'00 Anna Lo has accepted the position of CEO at Pacific Transportation Federal Credit Union. In her previous role, she served as an examiner at the National Credit Union Administration for over three years. Lo also celebrated her marriage in September to her fiance, Derald Brenneman. The couple climbed and were married atop a Grand Teton peak in Grand Teton National Park. In the process, they raised $13,400 for a nonprofit organization that focuses on introducing inner-city youth to the outdoors.
'03 Diana Vang received the 2012 Co-Faculty of the Year award from the Kaweah
Ernesto (Ernie) Rios
Ernie Rios is a community leader and the executive director of Pathways to Success, a coalition of institutions and organizations that seeks to improve college access and completion rates for students in the Coachella Valley. Rios, a graduate of the inaugural M.B.A. program at UCR's Palm Desert campus, received the 2013 Outstanding Young Alumnus Award. At the awarding ceremony, he got down on one knee and asked his girlfriend, Katrina Salazar, to marry him. (She said yes, of course!)
1—What is your fondest memory of UCR?
The winter social held to celebrate the completion of the first quarter of our inaugural M.B.A. program. Administrators and professors joined the graduate students at the event, which laid the foundation for the ongoing interaction. Those same people have become my advisors and assisted in my continued professional growth after graduating.
2—Who was your favorite teacher?
Keith Ward. He was not only a professor, but he became an advisor, mentor and friend to many of the students in our program. It was not uncommon for Ward to stay after class hours to help students. If there were any events that the graduate students coordinated, he was always in attendance to support us.
3—What do you tell aspiring UCR students about the university?
In my role as the executive director for one of the Coachella Valley's largest scholarship programs, I often encourage students to consider UC Riverside. Not only is it one of the top universities in the world, but it is a place where students can spread their wings and build the network upon which they can grow as professionals after life in college.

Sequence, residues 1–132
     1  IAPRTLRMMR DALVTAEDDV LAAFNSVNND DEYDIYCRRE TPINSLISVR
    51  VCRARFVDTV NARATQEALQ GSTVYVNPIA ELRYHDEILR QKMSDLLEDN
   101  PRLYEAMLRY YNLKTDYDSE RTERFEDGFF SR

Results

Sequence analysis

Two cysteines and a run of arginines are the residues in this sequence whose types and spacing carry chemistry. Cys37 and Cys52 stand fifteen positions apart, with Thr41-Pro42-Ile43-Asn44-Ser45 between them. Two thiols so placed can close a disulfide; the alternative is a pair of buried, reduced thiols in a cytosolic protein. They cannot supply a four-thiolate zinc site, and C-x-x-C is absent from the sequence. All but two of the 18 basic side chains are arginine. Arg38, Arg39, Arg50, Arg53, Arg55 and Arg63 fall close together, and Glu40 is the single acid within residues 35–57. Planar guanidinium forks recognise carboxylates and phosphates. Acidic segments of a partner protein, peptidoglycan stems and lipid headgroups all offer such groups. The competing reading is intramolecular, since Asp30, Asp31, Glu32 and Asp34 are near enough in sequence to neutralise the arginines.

4—Why did you decide to propose on stage?
As I was thinking about what I might say at the Chancellor's Dinner, I kept thinking about the promises I had made over
the years and the importance of fulfilling those promises. I made a promise to Karina years ago, when we first started dating, that once we completed our college education we would get married. Dedicating our lives to helping the youth in the community and others in need pushed our timeline longer than we expected, but I couldn't think of a better way to do it than on a night dedicated to honoring UCR alumni who are — or have — "lived the promise."
5—Did you get any interesting reactions from people?
Several! After I proposed, Chancellor Kim Wilcox said he thought Judge Virginia Phillips (who received the Distinguished Alumnus Award) was going to offer to marry Karina and I at the event. He also congratulated us.
Delta Healthcare District Graduate Medical Education Psychiatry Residency Program. Vang was also a recipient of two other California state recognition awards in 2010.
'04 Jorge Marquez is the division director for Robert Half Management Resources. He also participates on many local boards such as the California Society of Certified Public Accountants and Girls on the Run, San Diego. ... Courtney Whitmore started at California State University, Dominguez Hills, as the university's first-ever donor relations manager. She previously worked at Pomona College as the assistant director of donor relations. ... Jessica Herndon is now a film writer for theAssociated Press.Herndon previouslyworked for Peoplemagazine; she was awarded an L.A. Press Club award for her contribution to a cover story on Whitney Houston's death in 2012. ... Benjamin Saadalla has been certified as a registrant of the National Registry of Certified Microbiologies (NRCM). To earn the credential, Saadalla first met rigorous educational and experiential eligibility requirements and then passed a comprehensive written examination. The NRCM is a voluntary certifying body, founded in 1958, and has certified microbiologists all over the world.
'05 Jermaine Archer is an assistant professor in the American Studies department at the State University of New York College at Old Westbury. Archer has been recognized by the SUNY board of trustees with the Chancellor's
Award for Excellence in Teaching. ... Vivian Pham is a vice president and community development officer with Wells Fargo. She recently participated in a volunteer leave program with the company as one of 24 Wells Fargo team members from across the country to help underserved communities. In her volunteer role, she chose to work with Oak View Renewal Partnership, a community development nonprofit, because of its grassroots, communitywide approach.